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Syst Appl Microbiol. 2011 Jul;34(5):368-75. doi: 10.1016/j.syapm.2011.03.002. Epub 2011 Apr 22.

Bradyrhizobium canariense and Bradyrhizobium japonicum are the two dominant rhizobium species in root nodules of lupin and serradella plants growing in Europe.

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Institute of Bioorganic Chemistry, Polish Academy of Sciences, 61-704 Poznań, Noskowskiego 12/14, Poland.


Forty three Bradyrhizobium strains isolated in Poland from root nodules of lupin species (Lupinus albus, L. angustifolius and L. luteus), and pink serradella (Ornithopus sativus) were examined based on phylogenetic analyses of three housekeeping (atpD, glnII and recA) and nodulation (nodA) gene sequences. Additionally, seven strains originating from root-nodules of yellow serradella (O. compressus) from Asinara Island (Italy) were included in this study. Phylogenetic trees revealed that 15 serradella strains, including all yellow serradella isolates, and six lupin strains grouped in Bradyrhizobium canariense (BC) clade, whereas eight strains from pink serradella and 15 lupin strains were assigned to Bradyrhizobium japonicum (BJ1). Apparently, these species are the two dominant groups in soils of central Europe, in the nodules of lupin and serradella plants. Only three strains belonged to other chromosomal lineages: one formed a cluster that was sister to B. canariense, one strain grouped outside the branch formed by B. japonicum super-group, and one strain occupied a distant position in the genus Bradyrhizobium, clustering with strains of the Rhodopseudomonas genus. All strains in nodulation nodA gene tree grouped in a cluster referred to as Clade II, which is in line with earlier data on this clade dominance among Bradyrhizobium strains in Europe. The nodA tree revealed four well-supported subgroups within Clade II (II.1-II.4). Interestingly, all B. canariense strains clustered in subgroup II.1 whereas B. japonicum strains dominated subgroups II.2-II.4.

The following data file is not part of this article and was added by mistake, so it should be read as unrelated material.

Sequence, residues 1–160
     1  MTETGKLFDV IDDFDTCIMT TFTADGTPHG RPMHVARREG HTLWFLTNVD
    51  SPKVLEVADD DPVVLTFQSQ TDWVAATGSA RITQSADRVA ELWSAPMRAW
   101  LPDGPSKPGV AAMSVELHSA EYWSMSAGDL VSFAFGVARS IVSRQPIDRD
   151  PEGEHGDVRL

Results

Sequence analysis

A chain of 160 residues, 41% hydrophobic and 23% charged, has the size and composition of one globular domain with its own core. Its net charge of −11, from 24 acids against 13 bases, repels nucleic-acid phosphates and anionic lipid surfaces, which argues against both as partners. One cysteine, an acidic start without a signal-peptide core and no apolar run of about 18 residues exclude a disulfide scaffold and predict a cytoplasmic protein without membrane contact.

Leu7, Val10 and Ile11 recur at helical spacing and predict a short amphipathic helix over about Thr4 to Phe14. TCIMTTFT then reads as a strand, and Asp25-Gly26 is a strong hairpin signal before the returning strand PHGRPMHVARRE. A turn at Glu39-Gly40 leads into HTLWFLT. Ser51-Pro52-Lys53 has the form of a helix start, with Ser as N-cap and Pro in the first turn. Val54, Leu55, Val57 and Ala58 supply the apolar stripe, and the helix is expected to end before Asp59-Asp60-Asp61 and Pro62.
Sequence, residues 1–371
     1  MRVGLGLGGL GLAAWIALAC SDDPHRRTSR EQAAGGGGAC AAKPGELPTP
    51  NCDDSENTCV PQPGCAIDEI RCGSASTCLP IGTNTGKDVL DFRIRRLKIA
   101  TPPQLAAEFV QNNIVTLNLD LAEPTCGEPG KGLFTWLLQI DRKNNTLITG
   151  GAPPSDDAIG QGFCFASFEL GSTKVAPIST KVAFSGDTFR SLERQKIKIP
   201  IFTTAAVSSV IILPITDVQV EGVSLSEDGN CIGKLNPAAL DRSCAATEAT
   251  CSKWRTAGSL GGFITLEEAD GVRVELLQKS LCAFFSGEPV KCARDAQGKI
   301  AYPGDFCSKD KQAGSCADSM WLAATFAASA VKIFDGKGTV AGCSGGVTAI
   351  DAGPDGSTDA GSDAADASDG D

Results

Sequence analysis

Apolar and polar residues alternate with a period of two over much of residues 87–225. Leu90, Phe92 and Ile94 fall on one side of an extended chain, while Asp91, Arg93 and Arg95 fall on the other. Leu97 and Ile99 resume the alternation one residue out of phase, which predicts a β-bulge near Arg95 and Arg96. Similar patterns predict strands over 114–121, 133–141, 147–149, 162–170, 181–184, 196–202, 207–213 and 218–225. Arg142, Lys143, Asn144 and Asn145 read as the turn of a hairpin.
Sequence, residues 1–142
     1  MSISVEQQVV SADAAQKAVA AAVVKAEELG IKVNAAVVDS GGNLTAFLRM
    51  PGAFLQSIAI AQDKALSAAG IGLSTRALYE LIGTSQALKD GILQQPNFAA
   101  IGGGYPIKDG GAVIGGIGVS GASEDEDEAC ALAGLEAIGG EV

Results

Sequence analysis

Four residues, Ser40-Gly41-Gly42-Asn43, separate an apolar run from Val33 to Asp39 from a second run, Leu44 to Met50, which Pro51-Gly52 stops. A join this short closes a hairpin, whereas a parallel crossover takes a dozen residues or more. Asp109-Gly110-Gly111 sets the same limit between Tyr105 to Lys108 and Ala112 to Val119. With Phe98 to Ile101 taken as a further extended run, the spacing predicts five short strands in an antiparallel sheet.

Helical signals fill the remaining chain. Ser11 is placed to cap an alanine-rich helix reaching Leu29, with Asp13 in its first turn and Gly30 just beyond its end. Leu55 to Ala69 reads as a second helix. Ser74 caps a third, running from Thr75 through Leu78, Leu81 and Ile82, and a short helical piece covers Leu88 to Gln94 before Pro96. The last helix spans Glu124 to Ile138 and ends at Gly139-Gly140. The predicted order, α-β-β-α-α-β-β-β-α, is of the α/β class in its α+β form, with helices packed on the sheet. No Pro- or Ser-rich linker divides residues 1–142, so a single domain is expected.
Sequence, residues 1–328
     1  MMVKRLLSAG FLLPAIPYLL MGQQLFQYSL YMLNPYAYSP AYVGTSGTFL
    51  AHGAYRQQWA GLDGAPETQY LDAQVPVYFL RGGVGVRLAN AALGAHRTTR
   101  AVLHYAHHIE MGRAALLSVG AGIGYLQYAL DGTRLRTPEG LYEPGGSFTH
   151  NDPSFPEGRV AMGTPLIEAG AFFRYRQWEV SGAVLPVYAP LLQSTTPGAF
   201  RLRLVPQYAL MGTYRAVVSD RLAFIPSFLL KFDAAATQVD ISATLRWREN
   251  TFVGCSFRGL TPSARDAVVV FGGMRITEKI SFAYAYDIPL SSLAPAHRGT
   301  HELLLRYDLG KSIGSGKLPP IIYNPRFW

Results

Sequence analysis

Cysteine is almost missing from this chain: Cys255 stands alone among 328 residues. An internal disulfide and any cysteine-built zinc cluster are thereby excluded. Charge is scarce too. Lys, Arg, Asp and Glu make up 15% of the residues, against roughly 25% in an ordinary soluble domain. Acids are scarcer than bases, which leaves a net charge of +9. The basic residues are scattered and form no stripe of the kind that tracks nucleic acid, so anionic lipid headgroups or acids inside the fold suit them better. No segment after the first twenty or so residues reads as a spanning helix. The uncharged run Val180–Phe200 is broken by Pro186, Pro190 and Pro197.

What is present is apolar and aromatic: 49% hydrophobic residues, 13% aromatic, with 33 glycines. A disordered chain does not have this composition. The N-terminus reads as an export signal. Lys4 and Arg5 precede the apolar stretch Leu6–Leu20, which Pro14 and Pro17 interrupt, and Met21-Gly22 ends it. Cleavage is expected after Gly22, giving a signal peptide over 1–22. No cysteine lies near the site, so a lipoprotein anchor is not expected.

[Indexed for MEDLINE]

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